Planer Snipe – What is it and can it be avoided?
When your surface planer takes off more wood at the ends than it does in the middle, typically more on the leading than the trailing end, this is planer snipe.
Can planer snipe be avoided? We don’t think so, and it doesn’t always happen. The best approach is to allow for it – just in case.
Step 1. Allow for possible planer snipe by leaving the pieces long.
Step 2. Surface plane all the pieces, before the glue up.
Not all woodworkers surface plane before the glue up, but we do. It’s important – we’ll write more about that soon.
Make sure to double up the allowance in length – for example: If you’re ending up with a 2″ snipe on both ends, allow more than 4″ extra x2 for the 2 step process. More than 8″. Get it?
Step 3. Plane again after the glue up.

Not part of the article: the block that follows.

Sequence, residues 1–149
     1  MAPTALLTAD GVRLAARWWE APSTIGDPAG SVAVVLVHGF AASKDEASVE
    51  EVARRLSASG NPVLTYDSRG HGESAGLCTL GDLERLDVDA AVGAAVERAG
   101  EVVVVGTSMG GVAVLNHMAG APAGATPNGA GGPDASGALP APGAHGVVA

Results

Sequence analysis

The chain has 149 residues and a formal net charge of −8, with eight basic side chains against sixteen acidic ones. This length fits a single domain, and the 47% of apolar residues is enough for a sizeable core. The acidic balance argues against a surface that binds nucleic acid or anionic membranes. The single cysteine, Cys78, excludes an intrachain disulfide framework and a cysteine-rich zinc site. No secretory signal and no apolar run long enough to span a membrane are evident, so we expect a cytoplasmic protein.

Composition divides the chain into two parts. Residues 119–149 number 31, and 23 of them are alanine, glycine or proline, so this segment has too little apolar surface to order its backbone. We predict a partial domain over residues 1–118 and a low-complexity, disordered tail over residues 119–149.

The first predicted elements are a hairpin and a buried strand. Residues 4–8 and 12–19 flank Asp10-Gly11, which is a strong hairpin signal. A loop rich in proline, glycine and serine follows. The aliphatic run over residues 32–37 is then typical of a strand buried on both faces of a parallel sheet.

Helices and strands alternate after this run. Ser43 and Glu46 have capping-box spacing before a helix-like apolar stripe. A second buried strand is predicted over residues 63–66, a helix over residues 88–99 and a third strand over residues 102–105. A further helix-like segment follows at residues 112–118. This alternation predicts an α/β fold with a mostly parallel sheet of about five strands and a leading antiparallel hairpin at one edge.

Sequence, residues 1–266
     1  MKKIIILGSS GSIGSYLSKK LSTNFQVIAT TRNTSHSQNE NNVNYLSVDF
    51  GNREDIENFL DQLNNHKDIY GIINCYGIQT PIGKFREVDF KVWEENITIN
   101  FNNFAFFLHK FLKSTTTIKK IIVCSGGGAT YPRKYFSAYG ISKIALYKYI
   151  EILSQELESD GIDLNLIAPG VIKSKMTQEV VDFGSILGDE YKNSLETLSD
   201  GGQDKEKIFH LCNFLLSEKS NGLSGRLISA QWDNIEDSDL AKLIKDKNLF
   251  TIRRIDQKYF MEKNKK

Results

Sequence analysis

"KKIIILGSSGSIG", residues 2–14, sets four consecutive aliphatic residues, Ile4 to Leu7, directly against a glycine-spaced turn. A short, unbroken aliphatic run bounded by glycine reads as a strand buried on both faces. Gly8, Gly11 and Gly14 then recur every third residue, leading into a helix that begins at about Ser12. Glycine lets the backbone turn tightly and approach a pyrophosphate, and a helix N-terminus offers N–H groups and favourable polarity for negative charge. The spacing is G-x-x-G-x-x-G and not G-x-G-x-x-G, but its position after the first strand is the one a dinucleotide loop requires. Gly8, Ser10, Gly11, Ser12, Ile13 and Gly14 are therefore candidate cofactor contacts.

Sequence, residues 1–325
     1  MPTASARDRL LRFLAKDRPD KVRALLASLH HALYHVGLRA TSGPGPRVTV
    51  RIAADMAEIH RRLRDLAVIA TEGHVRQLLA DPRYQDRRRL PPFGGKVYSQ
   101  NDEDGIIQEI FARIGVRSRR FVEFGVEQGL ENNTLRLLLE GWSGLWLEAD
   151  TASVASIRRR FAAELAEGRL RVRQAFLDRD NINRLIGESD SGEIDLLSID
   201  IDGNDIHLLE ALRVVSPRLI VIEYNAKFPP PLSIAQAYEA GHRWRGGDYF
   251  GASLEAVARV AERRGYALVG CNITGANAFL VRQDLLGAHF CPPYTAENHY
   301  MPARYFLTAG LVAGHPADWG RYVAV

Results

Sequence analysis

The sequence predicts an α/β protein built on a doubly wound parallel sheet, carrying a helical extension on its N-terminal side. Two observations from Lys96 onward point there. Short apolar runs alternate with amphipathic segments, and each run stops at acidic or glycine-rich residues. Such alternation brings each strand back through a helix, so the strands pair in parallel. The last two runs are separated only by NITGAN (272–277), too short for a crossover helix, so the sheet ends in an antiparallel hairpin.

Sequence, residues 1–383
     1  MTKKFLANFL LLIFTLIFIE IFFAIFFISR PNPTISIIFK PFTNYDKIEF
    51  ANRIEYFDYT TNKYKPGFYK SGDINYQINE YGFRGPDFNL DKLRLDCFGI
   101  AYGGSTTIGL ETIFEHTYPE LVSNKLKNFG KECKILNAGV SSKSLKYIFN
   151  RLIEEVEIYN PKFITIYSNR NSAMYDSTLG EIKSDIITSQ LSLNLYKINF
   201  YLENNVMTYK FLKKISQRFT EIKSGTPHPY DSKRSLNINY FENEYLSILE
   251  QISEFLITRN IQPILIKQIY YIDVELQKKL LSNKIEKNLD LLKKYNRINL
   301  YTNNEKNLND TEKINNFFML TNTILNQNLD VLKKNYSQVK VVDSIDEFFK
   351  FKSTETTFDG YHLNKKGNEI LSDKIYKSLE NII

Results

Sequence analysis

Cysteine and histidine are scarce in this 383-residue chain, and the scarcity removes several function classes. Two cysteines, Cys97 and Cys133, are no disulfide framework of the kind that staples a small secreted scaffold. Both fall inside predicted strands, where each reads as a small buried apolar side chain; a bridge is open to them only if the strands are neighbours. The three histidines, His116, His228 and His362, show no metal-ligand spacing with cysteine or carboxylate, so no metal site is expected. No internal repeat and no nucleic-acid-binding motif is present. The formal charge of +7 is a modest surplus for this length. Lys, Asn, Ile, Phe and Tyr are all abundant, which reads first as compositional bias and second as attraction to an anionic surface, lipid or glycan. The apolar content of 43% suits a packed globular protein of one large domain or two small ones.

Keep in mind that planer snipe can occur and/or again during this next step. It may not have happened in the 1st planing session, but it’s better to be prepared.
Step 4. Cut to length.
If planer snipe has occurred, you’ve allowed enough length to cut it off and all is good. Make sense? If it happens and you’re not prepared, the piece will be too short for your desired design. And good luck finding that elusive wood stretcher!Remember, you’re better off wasting a couple of dollars in material for peace of mind than to ruin the entire project – which could also ruin your day.
Thank you for stopping by!